GRINDSTONE ISLAND — Late summer sun breaks through tall trees as Chris Carlisle drives down Cross Island Road in his black side-by-side. I’m riding along in the passenger seat. A sense of calm washes over me as we bump along the gravel road. I’m finally on the island again.
GRINDSTONE ISLAND — In the mid-1880s, Scottish stone cutters made their way to Grindstone to…
It’s been six months since I first set foot on Grindstone Island, stretched along the St. Lawrence River between Clayton and Gananoque, Ontario. That first trip was in the dead of winter. Bundled up in snow pants, boots and mittens it was the beginning of an assignment — To tell the story of those who brave the winter when the island population drops from hundreds to eight. (Read “Life on the Grind” here.)
On this summer day Chris sees Audie Cerow pulled over in his silver SUV on the side of the road, just past the old upper schoolhouse. He stops in the middle of the road to say hello.
No cars are coming, but even if they were, the driver would just smile, wave and go around.
“Are Brian and Patsy around?,” Audie asks.
Chris and I both nod. “Stop over,” he adds.
Brian and Patsy Parker are Chris’ neighbors on the island, and the generous people who fed me and gave me a bed to sleep in over the course of the summer during my second assignment — learning about summertime on Grindstone.
They’ve become like a second set of parents to me.
Chris and I say our goodbyes to Audie and drive toward the north side of the island. We arrive at the intersection of Cross Island and North Shore roads, where the island’s church and Dodge Hall are on opposite corners.
A cloud of dust forms behind us as we barrel down the hill toward Brian and Patsy’s house. Patsy is on the porch. She waves as we make our way down.
Chris turns into their driveway.
“Door-to-door service,” he says.
“Your parcel has arrived!” I yell.
I run up the stairs to greet Patsy. “I’m so happy you’re here,” she says as we hug.
This is summer on Grindstone.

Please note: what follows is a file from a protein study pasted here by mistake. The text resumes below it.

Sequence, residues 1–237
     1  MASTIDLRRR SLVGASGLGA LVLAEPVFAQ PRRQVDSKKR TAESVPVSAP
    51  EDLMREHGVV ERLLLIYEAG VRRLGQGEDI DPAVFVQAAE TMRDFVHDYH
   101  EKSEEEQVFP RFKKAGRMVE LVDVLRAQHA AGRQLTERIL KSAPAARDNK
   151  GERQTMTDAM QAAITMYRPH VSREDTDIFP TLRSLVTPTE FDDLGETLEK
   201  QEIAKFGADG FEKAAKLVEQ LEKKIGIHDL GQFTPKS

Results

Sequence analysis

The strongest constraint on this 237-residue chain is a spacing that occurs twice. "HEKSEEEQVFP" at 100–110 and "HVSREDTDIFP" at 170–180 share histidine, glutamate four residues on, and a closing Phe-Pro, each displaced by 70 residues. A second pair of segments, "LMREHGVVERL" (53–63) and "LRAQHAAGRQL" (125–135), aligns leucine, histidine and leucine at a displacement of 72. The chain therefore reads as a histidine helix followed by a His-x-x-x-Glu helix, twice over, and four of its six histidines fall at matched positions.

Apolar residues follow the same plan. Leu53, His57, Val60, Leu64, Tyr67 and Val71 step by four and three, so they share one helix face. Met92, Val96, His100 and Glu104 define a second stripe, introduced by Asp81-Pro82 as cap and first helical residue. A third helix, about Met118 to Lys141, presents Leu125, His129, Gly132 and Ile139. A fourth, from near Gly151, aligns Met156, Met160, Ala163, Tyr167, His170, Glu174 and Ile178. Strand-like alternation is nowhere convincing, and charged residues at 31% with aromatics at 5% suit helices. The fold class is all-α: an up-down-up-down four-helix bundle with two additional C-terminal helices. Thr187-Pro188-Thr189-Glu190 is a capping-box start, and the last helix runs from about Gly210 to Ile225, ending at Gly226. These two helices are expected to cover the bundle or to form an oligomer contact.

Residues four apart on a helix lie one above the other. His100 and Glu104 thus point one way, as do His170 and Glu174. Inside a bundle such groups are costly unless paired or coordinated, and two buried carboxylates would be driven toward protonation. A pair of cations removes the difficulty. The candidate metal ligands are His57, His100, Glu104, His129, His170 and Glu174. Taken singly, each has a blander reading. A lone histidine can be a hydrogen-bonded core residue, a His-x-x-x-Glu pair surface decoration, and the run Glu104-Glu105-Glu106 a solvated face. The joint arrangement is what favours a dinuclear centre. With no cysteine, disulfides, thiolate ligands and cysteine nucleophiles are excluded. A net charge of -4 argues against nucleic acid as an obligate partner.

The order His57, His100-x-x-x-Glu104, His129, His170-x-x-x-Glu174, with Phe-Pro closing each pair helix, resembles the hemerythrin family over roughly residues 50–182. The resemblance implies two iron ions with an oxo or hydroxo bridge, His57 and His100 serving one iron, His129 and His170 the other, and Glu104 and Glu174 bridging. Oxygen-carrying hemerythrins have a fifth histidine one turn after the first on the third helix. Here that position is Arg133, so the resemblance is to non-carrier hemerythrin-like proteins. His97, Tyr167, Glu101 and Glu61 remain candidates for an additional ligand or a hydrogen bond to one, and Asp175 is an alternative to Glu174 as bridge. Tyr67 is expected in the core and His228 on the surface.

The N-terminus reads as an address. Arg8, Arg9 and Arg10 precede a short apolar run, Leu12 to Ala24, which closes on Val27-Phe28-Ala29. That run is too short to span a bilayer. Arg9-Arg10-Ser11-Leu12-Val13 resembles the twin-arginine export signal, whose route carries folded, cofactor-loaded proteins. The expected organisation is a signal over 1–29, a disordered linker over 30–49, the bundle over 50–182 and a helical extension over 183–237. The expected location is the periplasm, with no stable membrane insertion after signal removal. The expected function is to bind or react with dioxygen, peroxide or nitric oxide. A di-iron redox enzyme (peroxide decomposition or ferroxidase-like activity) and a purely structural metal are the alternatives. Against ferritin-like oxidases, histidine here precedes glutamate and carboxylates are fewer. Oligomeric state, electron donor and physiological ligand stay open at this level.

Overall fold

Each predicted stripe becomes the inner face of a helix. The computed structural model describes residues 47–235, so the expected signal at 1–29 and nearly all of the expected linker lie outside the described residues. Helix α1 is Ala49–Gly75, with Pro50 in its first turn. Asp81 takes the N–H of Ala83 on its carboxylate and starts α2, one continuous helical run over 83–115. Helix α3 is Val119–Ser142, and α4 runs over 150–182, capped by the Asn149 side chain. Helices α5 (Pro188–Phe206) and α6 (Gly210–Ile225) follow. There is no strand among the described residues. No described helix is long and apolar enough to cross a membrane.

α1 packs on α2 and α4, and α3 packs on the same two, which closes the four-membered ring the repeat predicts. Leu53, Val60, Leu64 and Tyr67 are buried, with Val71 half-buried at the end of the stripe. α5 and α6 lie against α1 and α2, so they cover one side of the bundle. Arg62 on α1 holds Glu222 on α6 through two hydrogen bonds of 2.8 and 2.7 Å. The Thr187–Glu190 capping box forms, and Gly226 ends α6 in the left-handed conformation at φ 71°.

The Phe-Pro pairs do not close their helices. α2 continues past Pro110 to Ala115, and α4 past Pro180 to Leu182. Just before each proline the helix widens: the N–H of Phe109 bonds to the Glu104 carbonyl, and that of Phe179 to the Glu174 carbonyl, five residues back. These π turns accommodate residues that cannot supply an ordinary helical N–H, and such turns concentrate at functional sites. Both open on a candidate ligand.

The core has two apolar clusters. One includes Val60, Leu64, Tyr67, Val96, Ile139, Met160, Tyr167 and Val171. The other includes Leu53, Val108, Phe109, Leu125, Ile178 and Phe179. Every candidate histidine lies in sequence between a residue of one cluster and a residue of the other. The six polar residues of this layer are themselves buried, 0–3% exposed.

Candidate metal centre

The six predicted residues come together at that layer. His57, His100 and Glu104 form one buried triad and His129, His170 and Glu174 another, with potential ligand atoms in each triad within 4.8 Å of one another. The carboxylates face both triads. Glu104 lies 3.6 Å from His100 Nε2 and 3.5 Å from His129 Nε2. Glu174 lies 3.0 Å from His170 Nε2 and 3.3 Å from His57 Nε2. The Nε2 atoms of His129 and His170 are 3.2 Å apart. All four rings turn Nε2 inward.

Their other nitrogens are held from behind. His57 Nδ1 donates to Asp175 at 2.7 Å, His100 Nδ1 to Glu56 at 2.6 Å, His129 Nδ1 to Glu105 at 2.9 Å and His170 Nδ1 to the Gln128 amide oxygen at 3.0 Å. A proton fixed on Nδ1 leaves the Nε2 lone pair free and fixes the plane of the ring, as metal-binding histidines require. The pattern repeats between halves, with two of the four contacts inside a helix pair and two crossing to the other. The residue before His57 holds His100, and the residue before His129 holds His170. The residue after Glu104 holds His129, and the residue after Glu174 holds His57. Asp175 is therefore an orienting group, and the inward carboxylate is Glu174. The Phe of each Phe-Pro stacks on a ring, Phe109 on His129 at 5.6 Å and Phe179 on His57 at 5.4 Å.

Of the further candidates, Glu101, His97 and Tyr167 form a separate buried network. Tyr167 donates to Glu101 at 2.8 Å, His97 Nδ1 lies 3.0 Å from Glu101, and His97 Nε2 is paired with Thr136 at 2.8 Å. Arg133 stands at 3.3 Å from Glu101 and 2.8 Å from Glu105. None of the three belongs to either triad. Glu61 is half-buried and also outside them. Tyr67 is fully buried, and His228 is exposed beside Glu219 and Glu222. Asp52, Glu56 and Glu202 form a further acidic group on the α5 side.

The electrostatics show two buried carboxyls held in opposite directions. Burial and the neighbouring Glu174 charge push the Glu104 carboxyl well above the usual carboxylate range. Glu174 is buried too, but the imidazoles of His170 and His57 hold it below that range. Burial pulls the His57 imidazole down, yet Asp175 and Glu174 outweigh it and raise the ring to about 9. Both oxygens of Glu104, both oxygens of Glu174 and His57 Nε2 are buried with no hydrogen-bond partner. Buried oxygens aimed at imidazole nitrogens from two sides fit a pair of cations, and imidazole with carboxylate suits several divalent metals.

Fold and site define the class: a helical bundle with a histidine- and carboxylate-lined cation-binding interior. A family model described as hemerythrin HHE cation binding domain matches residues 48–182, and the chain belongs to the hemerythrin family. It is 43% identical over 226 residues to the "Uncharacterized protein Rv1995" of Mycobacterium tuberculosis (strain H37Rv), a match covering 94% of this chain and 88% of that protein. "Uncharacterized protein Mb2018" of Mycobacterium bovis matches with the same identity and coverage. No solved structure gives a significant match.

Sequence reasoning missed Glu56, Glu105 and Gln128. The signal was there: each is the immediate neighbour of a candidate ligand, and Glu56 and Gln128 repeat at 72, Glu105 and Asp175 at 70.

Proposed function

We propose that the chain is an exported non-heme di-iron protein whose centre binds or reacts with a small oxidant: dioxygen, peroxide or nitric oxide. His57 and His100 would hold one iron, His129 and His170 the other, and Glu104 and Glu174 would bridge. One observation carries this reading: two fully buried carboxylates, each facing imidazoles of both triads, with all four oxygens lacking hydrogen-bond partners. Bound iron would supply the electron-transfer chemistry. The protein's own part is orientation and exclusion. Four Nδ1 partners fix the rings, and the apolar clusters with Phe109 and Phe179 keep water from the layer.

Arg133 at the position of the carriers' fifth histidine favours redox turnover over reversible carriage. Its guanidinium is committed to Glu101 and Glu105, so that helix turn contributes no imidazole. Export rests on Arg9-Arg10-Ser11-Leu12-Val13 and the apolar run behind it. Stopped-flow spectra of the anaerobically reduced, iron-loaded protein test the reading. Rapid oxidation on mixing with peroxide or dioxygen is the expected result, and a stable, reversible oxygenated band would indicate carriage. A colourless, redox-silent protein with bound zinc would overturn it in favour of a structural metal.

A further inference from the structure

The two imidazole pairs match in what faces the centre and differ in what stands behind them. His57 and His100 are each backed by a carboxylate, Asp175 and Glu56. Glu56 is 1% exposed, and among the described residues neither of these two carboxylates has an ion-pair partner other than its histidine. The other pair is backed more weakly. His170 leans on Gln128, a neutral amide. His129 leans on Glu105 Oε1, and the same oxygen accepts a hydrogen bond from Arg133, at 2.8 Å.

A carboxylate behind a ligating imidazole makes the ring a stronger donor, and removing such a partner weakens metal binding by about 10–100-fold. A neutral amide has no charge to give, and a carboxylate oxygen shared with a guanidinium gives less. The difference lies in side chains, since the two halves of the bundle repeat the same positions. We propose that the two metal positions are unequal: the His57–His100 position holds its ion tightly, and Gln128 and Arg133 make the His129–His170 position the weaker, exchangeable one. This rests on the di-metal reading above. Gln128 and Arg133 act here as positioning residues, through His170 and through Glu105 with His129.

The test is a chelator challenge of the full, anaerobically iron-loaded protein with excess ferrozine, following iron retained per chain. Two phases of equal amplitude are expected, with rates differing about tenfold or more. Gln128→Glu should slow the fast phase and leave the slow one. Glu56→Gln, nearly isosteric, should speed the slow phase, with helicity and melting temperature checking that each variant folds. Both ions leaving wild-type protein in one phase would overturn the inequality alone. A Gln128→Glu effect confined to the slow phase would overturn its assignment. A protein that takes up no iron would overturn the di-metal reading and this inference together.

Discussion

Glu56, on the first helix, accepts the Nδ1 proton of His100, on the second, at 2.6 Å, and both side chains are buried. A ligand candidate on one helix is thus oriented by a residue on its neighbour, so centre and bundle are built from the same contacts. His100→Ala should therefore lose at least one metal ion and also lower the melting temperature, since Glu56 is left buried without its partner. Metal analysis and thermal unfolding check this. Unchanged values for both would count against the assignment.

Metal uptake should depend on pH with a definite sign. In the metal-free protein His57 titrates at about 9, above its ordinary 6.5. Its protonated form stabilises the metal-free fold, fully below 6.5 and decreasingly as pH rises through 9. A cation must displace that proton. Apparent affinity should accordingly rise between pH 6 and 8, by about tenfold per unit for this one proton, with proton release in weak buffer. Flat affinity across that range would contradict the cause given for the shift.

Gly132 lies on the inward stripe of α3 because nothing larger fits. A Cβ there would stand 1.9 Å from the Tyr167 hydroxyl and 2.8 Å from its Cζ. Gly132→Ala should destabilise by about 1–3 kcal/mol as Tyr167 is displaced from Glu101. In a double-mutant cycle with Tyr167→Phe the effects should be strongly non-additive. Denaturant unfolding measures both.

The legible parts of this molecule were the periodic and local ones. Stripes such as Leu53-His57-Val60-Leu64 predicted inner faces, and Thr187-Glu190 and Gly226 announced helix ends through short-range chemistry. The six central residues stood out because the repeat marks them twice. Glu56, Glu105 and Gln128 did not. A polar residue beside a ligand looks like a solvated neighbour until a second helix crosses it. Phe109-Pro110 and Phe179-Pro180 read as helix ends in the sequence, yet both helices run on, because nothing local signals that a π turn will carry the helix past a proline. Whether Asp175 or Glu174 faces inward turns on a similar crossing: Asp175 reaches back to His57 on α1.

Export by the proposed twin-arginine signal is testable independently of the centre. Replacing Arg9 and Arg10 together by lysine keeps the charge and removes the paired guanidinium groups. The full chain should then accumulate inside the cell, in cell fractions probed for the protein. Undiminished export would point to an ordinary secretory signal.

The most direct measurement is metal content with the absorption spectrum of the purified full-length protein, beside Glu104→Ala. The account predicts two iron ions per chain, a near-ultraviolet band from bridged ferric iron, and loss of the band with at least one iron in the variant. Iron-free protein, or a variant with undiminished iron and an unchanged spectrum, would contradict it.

I fell in love with the river when I moved upstate last year.
I’d never been to, or even heard of, the 1000 Islands, which is a group of 1,864 islands in the St. Lawrence River between the United States and Canada.
But, despite not knowing what I was getting myself into, I packed up my tiny apartment in Philadelphia, Pa. and moved the more than 300 miles north to Watertown for my first post-grad job.
I visited the river during my first few months in the north country, but I’d say my first real experience with the river was earlier this year — about six months after moving here.
Watertown Daily Times reporter Marcus Wolf and I worked on a story about living on an island through a harsh north country winter.
Brian and Patsy, who became two of our main subjects for the story published in February, are two of fewer than 10 people who live on Grindstone Island year-round.
It was a bone-chillingly cold January morning. There wasn’t a cloud in the sky. Brian picked Marcus, WPBS producer Kane Grant and me up at the village docks in Clayton and hauled us and all our equipment over to the island.
The river wasn’t quite frozen. The aluminum boat cracked through skim ice, the rippling sound reverberating through the hull.
There wasn’t a single other boat on the water that morning. There was a peaceful solitude to being nearly alone on the water. The river has a way of doing that to you, even in the winter.
That was the day I fell in love with the river.
MEMORIAL DAY TO LABOR DAY
The island population booms for three months each summer, from Memorial Day to Labor Day. Generations of families travel from near and far to spend their summer within this island community.